Cases of “illegal” alcohol seized from Man Made Liquor Store

Cases of “illegal” alcohol seized from Man Made Liquor Store

Store connected to Johnathon Ash curfew violation

NASSAU, BAHAMAS Officers from the Customs Department seized multiple cases of liquor today from the same store that businessman Johnathon Ash had been fined for operating in violation of the 24-hour curfew.

Customs Comptroller Dr Geannine Moss told Eyewitness News the Man Made Liquor Store on Faith Avenue was found to be operating without a valid liquor license.

Officers could be seen carrying out boxes of rum from the store and loading it onto a large box truck shortly before noon.

Moss said officers entered the store along with key-holders of property and discovered a quantity of alcoholic beverages.

“It was determined that the premises were operating without a valid license to sell alcoholic beverages,” Moss confirmed.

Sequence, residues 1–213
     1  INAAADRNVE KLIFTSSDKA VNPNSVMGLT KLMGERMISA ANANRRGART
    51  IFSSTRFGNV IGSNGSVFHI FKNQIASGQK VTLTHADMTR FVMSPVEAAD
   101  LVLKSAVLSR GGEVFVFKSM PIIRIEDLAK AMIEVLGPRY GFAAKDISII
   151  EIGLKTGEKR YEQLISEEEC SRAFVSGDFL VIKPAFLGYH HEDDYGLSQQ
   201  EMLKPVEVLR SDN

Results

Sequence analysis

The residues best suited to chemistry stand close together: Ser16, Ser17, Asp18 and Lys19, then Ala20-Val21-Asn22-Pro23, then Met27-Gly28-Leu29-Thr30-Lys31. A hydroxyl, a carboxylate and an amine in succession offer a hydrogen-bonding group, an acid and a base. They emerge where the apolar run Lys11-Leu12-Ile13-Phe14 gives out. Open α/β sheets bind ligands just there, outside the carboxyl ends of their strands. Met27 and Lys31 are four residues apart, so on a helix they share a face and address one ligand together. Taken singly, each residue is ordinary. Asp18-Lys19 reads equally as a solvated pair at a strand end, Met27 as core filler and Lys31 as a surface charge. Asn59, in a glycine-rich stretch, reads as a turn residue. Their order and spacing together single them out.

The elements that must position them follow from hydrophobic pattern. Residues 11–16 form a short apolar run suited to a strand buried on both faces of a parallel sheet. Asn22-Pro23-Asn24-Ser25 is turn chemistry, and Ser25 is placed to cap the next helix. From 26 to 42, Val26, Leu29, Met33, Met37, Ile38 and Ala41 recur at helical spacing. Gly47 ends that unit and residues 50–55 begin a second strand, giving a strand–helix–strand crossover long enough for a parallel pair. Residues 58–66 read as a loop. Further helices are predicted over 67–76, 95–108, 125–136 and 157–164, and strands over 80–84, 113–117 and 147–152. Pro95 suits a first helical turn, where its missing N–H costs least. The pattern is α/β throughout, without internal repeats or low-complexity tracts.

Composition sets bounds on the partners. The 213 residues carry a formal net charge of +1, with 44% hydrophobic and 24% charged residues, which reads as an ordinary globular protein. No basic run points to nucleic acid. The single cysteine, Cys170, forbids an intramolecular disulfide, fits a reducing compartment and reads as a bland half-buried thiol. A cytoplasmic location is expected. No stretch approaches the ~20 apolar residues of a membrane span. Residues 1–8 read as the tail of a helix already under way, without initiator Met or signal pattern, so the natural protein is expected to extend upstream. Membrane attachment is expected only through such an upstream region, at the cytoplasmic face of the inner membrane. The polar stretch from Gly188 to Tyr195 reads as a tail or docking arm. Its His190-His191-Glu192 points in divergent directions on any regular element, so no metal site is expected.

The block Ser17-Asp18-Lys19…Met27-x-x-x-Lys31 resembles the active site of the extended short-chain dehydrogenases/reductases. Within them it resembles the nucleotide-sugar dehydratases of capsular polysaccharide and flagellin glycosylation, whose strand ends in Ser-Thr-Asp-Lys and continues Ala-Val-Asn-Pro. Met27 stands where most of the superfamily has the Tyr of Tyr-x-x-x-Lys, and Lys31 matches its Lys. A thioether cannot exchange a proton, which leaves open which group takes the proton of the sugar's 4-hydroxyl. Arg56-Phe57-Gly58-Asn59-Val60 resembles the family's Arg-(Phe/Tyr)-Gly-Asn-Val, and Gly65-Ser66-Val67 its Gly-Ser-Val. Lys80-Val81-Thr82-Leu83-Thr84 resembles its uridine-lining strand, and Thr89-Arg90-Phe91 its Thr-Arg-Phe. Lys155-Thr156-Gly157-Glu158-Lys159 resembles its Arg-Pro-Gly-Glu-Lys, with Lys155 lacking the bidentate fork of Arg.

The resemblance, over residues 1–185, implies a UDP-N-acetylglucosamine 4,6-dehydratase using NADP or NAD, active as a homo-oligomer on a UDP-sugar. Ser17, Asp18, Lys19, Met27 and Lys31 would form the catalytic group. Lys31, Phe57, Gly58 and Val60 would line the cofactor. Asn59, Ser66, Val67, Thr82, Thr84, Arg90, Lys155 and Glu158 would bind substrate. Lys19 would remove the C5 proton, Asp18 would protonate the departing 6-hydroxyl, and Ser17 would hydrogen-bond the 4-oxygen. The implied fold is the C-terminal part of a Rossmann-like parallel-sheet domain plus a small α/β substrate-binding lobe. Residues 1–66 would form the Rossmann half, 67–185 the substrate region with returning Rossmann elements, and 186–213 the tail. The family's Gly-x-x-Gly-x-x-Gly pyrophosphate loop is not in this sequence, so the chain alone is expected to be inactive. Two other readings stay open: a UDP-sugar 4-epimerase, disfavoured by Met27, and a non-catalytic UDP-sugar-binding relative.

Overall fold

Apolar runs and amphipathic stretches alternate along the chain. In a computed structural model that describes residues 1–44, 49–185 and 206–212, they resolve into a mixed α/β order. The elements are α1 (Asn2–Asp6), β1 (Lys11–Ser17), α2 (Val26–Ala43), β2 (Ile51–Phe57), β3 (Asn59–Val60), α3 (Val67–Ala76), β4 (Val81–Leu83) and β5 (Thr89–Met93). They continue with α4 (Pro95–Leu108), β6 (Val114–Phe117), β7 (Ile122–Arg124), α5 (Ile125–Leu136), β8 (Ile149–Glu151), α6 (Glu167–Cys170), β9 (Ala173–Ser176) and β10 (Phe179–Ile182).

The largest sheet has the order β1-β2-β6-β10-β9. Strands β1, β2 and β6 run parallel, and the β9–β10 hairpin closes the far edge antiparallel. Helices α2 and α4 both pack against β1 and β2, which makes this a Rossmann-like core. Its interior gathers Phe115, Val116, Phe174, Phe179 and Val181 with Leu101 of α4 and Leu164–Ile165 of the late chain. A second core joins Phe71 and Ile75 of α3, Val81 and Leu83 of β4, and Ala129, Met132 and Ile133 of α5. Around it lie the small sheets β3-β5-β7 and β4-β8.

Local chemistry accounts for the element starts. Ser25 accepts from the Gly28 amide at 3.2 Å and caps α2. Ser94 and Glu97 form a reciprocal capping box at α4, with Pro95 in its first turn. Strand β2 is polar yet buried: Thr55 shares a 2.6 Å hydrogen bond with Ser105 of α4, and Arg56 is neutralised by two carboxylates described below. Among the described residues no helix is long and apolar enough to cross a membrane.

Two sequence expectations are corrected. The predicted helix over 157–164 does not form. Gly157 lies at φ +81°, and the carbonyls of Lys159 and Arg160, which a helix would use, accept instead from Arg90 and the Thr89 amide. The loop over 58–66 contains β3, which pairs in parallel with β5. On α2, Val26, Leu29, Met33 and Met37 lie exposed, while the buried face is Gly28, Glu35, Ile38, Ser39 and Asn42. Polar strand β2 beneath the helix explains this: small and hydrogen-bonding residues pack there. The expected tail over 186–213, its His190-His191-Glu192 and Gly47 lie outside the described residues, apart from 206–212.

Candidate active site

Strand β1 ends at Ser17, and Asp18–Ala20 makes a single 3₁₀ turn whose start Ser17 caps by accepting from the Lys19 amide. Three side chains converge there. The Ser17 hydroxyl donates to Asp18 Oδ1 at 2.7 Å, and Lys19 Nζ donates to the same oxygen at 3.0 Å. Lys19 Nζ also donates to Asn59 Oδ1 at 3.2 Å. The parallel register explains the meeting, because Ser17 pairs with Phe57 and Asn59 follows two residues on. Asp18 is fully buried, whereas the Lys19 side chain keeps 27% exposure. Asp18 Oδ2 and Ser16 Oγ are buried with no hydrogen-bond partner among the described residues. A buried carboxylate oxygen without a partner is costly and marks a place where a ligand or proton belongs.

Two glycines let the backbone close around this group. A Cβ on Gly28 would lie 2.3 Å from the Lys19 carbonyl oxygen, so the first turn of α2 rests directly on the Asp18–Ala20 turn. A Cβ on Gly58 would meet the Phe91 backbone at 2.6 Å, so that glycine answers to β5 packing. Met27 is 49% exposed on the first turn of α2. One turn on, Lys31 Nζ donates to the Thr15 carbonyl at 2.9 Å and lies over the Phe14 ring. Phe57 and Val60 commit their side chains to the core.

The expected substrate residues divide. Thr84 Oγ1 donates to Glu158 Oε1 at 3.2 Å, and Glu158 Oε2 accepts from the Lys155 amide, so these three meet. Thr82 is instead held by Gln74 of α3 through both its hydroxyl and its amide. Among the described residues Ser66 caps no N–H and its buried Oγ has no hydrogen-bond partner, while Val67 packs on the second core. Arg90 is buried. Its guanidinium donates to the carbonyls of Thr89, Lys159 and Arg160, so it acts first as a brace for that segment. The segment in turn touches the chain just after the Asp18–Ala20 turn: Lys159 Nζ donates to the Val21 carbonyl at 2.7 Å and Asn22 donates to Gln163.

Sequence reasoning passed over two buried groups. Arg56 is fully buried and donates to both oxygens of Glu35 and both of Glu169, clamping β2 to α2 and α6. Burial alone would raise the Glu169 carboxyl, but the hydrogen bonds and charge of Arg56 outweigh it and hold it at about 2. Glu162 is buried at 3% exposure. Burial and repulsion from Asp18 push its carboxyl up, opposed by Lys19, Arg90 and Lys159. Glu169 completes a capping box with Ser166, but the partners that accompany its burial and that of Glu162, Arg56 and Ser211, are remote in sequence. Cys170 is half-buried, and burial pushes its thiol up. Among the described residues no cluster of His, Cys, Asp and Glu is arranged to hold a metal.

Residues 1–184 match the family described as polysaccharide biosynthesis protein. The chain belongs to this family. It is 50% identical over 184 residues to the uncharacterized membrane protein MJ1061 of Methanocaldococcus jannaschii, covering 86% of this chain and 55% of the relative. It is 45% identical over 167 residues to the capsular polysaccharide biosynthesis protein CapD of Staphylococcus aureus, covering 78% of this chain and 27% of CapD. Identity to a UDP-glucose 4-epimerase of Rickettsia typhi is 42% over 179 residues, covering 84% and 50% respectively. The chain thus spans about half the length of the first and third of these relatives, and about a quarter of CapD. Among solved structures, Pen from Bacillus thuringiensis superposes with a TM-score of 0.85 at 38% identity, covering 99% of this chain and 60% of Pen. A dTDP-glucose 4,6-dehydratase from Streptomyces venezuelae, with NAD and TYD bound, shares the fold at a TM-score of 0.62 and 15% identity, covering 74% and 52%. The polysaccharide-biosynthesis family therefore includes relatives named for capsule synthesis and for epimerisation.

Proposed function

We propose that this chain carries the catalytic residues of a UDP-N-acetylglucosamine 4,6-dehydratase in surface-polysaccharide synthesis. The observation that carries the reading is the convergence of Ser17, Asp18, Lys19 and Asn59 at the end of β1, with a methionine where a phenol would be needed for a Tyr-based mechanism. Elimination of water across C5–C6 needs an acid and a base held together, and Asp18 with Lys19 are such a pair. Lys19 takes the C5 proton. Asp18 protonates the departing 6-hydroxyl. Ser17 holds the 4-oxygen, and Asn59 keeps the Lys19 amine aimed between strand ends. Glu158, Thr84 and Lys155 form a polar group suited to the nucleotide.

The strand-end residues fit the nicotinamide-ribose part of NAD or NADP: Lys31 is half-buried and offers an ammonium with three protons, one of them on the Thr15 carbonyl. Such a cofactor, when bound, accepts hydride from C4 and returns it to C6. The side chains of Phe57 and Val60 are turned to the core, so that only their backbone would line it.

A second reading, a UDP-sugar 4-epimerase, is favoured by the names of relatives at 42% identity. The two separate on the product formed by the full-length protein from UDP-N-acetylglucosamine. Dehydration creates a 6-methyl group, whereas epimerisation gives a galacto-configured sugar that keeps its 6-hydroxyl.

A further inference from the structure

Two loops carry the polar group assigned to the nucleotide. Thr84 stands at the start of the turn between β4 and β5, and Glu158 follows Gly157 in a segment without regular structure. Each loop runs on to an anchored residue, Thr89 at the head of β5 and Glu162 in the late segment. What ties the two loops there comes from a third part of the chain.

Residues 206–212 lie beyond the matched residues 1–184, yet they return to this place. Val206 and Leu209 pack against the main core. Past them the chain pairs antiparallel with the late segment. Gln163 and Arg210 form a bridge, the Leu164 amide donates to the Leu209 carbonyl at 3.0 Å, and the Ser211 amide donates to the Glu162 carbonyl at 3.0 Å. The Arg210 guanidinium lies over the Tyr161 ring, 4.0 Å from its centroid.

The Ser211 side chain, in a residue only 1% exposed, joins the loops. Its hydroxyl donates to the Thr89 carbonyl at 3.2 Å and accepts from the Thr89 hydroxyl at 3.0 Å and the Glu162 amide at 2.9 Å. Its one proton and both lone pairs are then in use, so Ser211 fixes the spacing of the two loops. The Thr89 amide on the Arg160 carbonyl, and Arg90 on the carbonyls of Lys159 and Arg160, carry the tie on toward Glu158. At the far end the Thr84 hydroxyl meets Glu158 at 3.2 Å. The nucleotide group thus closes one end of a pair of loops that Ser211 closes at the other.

“It was also suspected that said items are un-customed goods.

“[The] goods were seized and along with the RBPF, the Customs Department will address the alleged breaches”.

Ash was fined $7,000 in the Magistrate’s Court last week Monday for violating the emergency order curfew and operating a liquor store.

Ash, who was a key witness in the bribery trial of former Cabinet minister Shane Gibson, appeared before Magistrate Derrence Rolle-Davis and pled guilty on both charges.

He was reportedly arrested after video footage circulated on social media on Friday, showing a group of people standing in front of a liquor store.

During his interview with police, Ash acknowledged that it was him in the video at Man Made.

He reportedly told officers that he went to the establishment after receiving permission from the owner in order to secure the business.

Ash said the funds he received was not regarding the sale of liquor but to give to persons who had done work for him.

He told the court that he owns a trucking company and is considered an essential worker.

However, the prosecution insisted that at no point did he contact 311 to advise that he was leaving his home, nor did he follow protocol to register himself as an essential worker.